Endings

Since my diagnosis a lot of my relationships have ended. In fact pretty much all of them. Apart from my husband and my work colleagues, all of the people I am in regular contact with have stepped back from me in one way or another. There weren’t many of them in the first place, I have autism after all, but they were longstanding and it hurts.

It’s funny with these people. It’s not the autism that’s the problem. They have unknowingly dealt with it for years. They have accepted that I don’t participate in group conversations, that I don’t always get the joke, that I’m always bumping into things, that I forget to take presents to birthday parties and that sometimes I need a bit of alone time in the middle of the day, but putting a name to this seems too much to bear.

At the moment my current thinking on the cause of this isolation are my attempts now to practice extreme self-care. I am learning to say ‘NO’. ‘NO’ to events that will be over-strenuous. These are mainly events that involve a lot of people, particularly those I don’t know well, or new types of events where I don’t know the social etiquette or the schedule beforehand.

I never used to say ‘NO’. I was looking round trying to act like everyone else. Trying to do what was expected of me. I would grin and bear it through situations that I found draining and would push myself way beyond my limits in order to appear normal and to not offend anyone. I knew that I couldn’t make judgements based on my own wants and needs but that I had to keep up an appearance of ‘normal’. I knew that my wants and needs would lead me to being alone. And alone, I was told, was BAD.

However I am not neurologically typical (‘NT’ in Aspie circles) and playing ‘normal’ is utterly exhausting. Days at school would result in the need to sit the evening in my room in silent recovery, now workdays leave me in need of a sleep. I quickly gave up clubbing at Uni after the uninvited physical touch gave me panic attacks. I get a rising feeling of panic when attending social events where I don’t know anyone; I miss jokes, can’t think of questions quick enough and can’t follow the train of a conversation especially if there is background noise. Anger (whether or not directed at me) leaves me physically shaken and in needing to cry. These and many other everyday situations can lead to meltdowns if I am in a period of extra stress or not sleeping well. I am now trying to reduce the frequency of the subsequent meltdowns for the sake of mine and my husband’s sanity.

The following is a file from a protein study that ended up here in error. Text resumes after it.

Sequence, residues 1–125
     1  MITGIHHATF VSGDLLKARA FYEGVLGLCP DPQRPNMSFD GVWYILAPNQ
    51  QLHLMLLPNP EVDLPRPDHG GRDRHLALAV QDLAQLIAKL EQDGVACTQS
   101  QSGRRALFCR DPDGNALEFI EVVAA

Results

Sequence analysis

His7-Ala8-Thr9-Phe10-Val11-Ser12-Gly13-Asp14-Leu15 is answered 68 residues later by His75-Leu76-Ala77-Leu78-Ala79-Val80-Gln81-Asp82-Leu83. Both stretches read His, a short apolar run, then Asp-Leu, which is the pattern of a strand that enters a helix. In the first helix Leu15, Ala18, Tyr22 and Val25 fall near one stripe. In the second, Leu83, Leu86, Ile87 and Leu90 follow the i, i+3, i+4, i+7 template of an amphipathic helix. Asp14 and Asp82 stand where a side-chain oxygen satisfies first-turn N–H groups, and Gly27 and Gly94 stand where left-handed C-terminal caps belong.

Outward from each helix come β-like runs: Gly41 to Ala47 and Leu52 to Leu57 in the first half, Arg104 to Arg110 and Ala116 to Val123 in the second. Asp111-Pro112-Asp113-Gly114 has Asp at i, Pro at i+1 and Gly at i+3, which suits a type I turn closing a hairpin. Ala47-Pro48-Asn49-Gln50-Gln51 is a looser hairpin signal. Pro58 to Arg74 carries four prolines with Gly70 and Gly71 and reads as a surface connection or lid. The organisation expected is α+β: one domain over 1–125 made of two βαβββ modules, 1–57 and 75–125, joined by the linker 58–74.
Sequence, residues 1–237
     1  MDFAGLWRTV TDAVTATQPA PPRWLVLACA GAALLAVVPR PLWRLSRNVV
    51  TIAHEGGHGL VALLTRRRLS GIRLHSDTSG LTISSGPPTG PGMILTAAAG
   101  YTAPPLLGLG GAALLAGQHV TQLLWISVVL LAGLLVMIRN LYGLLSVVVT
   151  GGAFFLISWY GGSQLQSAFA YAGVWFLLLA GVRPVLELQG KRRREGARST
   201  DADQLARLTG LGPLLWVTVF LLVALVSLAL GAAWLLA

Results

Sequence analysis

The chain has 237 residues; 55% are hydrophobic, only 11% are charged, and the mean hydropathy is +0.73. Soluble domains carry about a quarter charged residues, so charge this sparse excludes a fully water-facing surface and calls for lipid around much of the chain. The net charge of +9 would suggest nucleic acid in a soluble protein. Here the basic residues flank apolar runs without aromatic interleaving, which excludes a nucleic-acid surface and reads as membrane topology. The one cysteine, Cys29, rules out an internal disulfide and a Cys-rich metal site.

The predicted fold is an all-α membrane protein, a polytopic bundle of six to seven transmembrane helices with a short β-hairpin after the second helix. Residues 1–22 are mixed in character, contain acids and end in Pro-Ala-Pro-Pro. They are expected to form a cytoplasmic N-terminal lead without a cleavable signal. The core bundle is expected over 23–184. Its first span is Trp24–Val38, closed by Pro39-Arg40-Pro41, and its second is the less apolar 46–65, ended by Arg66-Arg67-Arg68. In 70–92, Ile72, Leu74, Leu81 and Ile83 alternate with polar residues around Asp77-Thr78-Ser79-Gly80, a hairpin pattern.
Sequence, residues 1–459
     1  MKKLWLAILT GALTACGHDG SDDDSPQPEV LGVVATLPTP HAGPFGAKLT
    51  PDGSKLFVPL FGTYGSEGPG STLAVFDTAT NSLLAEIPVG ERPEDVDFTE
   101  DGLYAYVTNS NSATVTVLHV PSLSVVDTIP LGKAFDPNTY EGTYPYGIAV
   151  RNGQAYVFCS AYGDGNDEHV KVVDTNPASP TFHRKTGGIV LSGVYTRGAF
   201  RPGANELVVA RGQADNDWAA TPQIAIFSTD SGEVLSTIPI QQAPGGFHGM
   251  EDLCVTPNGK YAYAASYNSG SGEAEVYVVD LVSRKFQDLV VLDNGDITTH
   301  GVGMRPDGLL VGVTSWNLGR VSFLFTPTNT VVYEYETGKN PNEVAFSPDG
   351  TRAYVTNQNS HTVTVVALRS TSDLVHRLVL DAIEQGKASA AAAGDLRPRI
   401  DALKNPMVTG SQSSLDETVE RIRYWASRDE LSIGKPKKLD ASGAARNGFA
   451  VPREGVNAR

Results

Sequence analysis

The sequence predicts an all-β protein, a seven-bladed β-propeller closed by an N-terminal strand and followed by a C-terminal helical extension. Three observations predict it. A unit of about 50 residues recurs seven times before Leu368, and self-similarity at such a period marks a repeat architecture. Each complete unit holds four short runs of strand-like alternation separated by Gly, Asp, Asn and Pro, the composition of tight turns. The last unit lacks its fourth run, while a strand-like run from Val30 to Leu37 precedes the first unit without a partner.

Which leads to me saying ‘NO’.

Which leads to rejection.

It seems that the people who deal with undiagnosed autism unquestioningly are a certain sort of martyr. They get their sense of self-worth from being generous to those of us who appear particularly naive and helpless. When we start taking responsibility for our own life and setting boundaries that protect our happiness their self-worth is called into question. They are no longer needed. They can also no longer rely on me to be there for them, to say ‘yes’ to everything.

It’s funny with these people. It’s not the autism that’s the problem. They have unknowingly dealt with it for years. They have accepted that I don’t participate in group conversations, that I don’t always get the joke, that I’m always bumping into things, that I forget to take presents to birthday parties and that sometimes I need a bit of alone time in the middle of the day, but putting a name to this seems too much to bear.

Or maybe it’s just guilt over the fact that they have laughed about these traits in me. To have the diagnoses as something more than just ‘being a bit scatty’ but a neurological condition.

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